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Rui Hachimura a dominant force in Wizards' Summer League win over Hawks

Rui Hachimura a dominant force in Wizards' Summer League win over Hawks

The Washington Wizards beat the Atlanta Hawks on Thursday night in the Las Vegas Summer League. Here are five observations from the game...

1. It appears that Rui Hachimura is getting the hang of things. After mixed results in his first two Summer League games, he was unstoppable in his third.

Hachimura carved up the Atlanta Hawks for 25 points, nine rebounds and two blocks. He shot 9-for-12 and knocked down 2-of-3 from three.

Once he found a rhythm on offense, his versatility shined through. He beat opponents off the dribble, including on a play where he muscled through contact from a bruising Bruno Fernando for an and-1. Hachimura also made a series of midrange shots and one of his threes was on a hesitation pull-up. He scored in all three phases.

Hachimura's defense also continues to impress. In addition to his two rejections, he forced a turnover by trapping on the baseline. He also caused some misses with timely contests.

Hachimura has the physical traits to be a good defender and so far is showing some impressive instincts.

2. Garrison Mathews is a name few Wizards fans likely know at this point. He is on a two-way contract and played at Lipscomb, a little-known college in Tennessee that has never produced an NBA player before.

Mathews, though, has a chance to impact the Wizards this season and the reason why is his shooting. That skill was on full display against the Hawks.

Mathews scored 11 points and sank three threes. It wasn't just the shots going in, it was the way he shot them. Mathews has a gift for catch-and-shoot plays. He can come off screens and fire it away quickly. He can catch bad passes and still level himself in the air if his feet aren't set.

That is a skill that few young players have. It is the type of thing that Kyle Korver and J.J. Redick have made careers out of.

3. Moe Wagner is also billed as a shooter, but his shots haven't been falling in Las Vegas. He struggled with his shot again, going 1-for-4 from the field and 0-for-1 from three. Wagner is now shooting just 32 percent (8-for-25) in the Summer League.

Wagner's greatest value is outside shooting, so when his threes aren't going in, the other shortcomings in his game become more apparent. At this point, he can't make up for it with his defense, passing or rebounding.

4. Issuf Sanon is also having a rough time in Vegas. He shot 1-for-4 against Atlanta with four points.

Sanon has some moments on defense, but doesn't seem to have much developed skill on offense. He commits careless turnovers and lacks confidence with his shot.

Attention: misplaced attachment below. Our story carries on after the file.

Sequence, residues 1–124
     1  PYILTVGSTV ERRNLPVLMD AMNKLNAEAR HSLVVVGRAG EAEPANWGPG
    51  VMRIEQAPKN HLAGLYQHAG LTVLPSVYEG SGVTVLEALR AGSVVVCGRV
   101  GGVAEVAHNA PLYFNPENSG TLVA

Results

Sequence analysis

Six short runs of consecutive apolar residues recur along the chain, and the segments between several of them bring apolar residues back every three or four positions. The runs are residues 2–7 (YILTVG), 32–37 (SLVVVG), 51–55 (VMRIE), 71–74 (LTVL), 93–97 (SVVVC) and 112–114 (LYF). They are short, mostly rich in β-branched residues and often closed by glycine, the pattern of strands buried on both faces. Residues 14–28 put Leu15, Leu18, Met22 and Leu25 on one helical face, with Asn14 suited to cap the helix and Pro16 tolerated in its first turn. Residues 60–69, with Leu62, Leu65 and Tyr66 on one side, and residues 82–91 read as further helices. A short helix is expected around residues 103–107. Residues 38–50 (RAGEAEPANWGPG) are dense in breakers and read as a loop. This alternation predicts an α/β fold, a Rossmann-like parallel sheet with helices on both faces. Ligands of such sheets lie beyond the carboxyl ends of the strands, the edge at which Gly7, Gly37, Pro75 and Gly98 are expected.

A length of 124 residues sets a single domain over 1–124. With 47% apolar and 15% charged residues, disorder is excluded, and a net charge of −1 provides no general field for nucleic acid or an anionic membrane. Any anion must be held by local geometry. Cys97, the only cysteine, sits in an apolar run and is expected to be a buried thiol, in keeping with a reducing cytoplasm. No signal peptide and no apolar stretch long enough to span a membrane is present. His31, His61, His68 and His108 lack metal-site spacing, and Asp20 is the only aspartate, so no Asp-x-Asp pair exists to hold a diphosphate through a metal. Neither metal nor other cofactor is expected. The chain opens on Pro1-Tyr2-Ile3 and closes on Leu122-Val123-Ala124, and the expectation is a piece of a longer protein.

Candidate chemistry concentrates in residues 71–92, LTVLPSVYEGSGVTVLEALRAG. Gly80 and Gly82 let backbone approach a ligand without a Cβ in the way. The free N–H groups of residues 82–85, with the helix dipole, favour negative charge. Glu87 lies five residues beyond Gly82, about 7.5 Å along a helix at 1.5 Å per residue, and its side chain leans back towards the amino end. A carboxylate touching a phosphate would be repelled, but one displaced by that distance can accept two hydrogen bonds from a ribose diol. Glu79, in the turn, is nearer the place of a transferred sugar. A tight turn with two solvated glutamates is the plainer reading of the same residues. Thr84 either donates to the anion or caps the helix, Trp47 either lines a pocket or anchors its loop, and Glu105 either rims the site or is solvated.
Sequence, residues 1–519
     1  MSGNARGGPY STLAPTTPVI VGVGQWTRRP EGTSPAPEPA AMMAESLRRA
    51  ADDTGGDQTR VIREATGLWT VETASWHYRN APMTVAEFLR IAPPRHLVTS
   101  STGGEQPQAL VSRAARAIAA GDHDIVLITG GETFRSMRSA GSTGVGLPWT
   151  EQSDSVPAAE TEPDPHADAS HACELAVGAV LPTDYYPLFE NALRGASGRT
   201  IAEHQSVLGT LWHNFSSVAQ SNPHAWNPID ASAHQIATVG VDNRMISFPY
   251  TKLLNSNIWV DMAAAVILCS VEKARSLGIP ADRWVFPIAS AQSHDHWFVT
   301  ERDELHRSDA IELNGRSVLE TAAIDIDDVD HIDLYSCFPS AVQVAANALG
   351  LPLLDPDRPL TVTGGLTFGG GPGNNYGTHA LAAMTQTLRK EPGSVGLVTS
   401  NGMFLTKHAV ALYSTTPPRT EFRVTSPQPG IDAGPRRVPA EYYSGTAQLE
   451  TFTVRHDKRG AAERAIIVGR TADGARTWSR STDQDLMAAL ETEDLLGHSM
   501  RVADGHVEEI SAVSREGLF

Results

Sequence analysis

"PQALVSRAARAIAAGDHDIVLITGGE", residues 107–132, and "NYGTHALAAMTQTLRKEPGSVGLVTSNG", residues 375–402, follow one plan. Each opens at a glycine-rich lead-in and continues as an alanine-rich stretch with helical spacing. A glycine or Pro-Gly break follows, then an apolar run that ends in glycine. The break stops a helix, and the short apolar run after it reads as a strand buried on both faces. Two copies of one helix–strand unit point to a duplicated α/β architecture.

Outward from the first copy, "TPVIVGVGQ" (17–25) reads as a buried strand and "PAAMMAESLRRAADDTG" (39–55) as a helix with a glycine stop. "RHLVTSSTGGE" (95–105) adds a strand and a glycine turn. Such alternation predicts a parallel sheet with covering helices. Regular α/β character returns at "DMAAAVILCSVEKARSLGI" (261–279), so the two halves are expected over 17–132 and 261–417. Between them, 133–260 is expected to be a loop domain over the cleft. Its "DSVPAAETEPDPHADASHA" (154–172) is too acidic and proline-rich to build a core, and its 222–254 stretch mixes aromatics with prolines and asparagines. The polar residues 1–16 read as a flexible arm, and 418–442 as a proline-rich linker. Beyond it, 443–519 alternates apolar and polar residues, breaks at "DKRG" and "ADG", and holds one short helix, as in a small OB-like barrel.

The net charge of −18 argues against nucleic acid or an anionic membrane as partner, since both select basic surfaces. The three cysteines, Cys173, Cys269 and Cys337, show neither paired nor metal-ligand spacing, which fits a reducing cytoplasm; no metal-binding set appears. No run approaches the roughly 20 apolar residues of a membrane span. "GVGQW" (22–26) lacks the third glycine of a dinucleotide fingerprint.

Sanon's Summer League may be over already. Wizards interim president Tommy Sheppard said on the ESPN2 broadcast Sanon is heading to join the Ukraine U-20 national team on Friday.

If that is the case, it's unclear when we will see Sanon with the Wizards again. At 19 years old, he does not look ready to join the NBA team in the fall.

5. The Wizards were without Troy Brown Jr., arguably the best player on their Summer League team, as he continues to deal with a left knee contusion. Brown suffered the injury in the first quarter of the team's loss to the Clippers on Tuesday night.

Brown could be done for the rest of the Summer League. The team only has one more game and it is a consolation match-up. 

Brown already showed plenty in his two-plus games in Las Vegas. He was borderline dominant, including a game with 18 points and 15 rebounds against the Pelicans. 

The Hawks were also missing some key players on Thursday. Both of their top draft picks - De'Andre Hunter and Cam Reddish - didn't play.


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The same day the Mystics clinched a playoff spot, Natasha Cloud made some history of her own

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The same day the Mystics clinched a playoff spot, Natasha Cloud made some history of her own

Ladies and gentlemen, it doesn't get much better than this. 

The same night the Mystics clinched a playoff spot with an 86-79 win over the Minnesota Lynx, Natasha Cloud made some history of her own.

With 8:25 left in the first quarter, Cloud hit an open Elena Della Donne who finished strongly at the basket. With the pass, Cloud became the franchise's all-time leader in assists. 

Drafted by the Mystics back in 2015, Cloud has been integral to the team's rise to the top of the standings. She's averaging a career-high 5.4 assists and 8.8 points while leading the team in minutes at 32.3 per game. 

Needless to say, her teammates were excited for her. 

Hopefully, this magical season will finish with a championship, redeeming the Mystics of their 2018 Finals loss.